Cinema and the Swastika: The International Expansion of Third Reich Cinema
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This is the first publication to bring together comparative research on the international expansion of Third Reich cinema. This volume investigates various attempts to infiltrate - economically, politically and culturally - the film industries of 20 countries and regions either occupied by, friendly with or neutral towards Nazi Germany.
Kulturpolitik’, Germania, 318 (17 November 1934); Bundesarchiv Berlin (hereafter Barch), R 11, 1259 – ‘Deutsch-Ungarische Handelskammer in Budapest – Jahresbericht 1938’ (Budapest: February 1938), p. 3. MKK Berlin (Sztójay) to Foreign Minister Kánya, 1014/1936, Berlin, 7 March 1936. HNA, K 66, 296 cs., 1936, III-6/c, Alapszám 911/1936. J. F. Montgomery to Secretary of State, No. 364, Budapest, 3 April 1936. United States National Archives (hereafter USNA), RG 59, M-1206, Roll 6, Decimal file
film project checked by both the Film Credit Bank and the Reich Film Director. A film was often passed by the Censorship Office only one or two days before its première.12 This suggests that within a short period of time legal censorship became a mere formality, the real censorship being done elsewhere at an earlier stage in the process of the film’s production. When discussing the implementation of the Nazi Cinema Law it is important to consider the attempts to control film criticism at this
specifically ‘Austrian’ cinema in the German totalitarian state: ‘My native country was occupied by the National Socialists, and my work became a silent protest. Grotesque though it may sound, it is true that I made my most Austrian films at a time when Austria had ceased to exist.’9 Gertraud Steiner suggests that this was no simple hind-sighted self-justification. Forst’s WienFilm projects managed to provide a subtle resistance to the dictates of Nazi socio-culture. His popular success in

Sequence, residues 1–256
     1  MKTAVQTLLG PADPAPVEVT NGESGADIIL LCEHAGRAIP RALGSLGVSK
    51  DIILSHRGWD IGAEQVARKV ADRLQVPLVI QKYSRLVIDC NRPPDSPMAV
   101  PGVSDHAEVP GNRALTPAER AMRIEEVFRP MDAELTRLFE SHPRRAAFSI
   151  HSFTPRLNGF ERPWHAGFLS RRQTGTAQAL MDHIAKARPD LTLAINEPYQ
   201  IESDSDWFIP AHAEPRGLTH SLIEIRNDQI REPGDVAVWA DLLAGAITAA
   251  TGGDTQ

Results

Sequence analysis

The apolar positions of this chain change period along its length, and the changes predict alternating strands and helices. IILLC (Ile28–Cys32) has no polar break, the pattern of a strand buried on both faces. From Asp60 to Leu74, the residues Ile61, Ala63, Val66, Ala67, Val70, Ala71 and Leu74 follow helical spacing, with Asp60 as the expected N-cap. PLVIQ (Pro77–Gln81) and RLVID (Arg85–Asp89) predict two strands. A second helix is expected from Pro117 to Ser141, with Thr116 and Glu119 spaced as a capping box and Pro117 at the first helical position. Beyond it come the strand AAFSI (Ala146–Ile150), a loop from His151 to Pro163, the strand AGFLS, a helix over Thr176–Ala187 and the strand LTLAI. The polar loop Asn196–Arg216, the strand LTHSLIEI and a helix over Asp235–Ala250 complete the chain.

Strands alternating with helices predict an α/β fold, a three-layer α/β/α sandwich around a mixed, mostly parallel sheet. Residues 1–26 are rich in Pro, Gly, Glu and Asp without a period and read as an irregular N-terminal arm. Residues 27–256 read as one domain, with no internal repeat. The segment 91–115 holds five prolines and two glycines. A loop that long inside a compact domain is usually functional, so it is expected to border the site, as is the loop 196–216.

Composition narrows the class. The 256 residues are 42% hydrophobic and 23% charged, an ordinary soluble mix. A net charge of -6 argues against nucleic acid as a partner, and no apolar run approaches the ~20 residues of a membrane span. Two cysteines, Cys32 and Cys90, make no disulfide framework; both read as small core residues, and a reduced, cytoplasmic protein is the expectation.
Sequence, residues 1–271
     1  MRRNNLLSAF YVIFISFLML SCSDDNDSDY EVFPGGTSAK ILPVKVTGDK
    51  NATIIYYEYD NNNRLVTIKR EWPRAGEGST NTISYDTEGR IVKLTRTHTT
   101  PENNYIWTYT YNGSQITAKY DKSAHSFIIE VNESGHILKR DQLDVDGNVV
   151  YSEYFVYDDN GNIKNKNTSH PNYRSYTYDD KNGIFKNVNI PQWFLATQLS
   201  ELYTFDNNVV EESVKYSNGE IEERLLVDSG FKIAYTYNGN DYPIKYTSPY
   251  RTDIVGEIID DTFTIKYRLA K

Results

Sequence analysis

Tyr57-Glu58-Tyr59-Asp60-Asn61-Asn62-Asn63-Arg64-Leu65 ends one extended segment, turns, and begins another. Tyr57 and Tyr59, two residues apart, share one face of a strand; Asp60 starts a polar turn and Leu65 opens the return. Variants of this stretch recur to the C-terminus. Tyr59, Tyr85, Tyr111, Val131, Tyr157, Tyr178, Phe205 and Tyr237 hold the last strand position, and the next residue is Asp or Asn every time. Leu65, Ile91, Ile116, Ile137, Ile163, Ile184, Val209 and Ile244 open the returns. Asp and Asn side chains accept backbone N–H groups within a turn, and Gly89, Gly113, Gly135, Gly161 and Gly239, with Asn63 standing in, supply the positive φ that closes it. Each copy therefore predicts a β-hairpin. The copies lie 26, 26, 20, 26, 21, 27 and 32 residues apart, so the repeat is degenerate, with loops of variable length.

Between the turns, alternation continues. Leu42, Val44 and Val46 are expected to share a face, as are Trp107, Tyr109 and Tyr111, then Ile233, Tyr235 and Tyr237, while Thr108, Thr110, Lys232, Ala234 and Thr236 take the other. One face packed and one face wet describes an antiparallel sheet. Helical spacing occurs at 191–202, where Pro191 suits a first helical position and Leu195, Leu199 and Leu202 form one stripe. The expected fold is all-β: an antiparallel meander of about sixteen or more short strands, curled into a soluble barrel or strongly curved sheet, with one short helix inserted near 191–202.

Jean Boyer’s Sérénade (1940).21 First activities of the Propaganda Division Belgium (PAB) in Nazi-occupied Belgium ( June–August 1940)22 Nazi Germany invaded Belgium on 10 May 1940. Acting against the explicit will of his government, Leopold III formally surrendered on 28 May in the hope that Hitler would restore Belgian independence, preferably under an autocratic government led by the king. Hitler, who never revealed the political future he envisaged for Belgium, did not even consider granting
wrote a letter, published in the Jornal da Tarde newspaper, rebuking the statements of the film critic Adil, who had commented on the lack of interest on anti-Nazi films in Porto Alegre. In it he said, 10.1057/9780230289321 - Cinema and the Swastika, Edited by David Welch and Roel Vande Winkel Copyright material from www.palgraveconnect.com - licensed to Universitetsbiblioteket i Tromso - PalgraveConnect - 2011-04-02 94 95 Sensationsprozess Casilla (1939), an Ufa film by Eduard von Borsody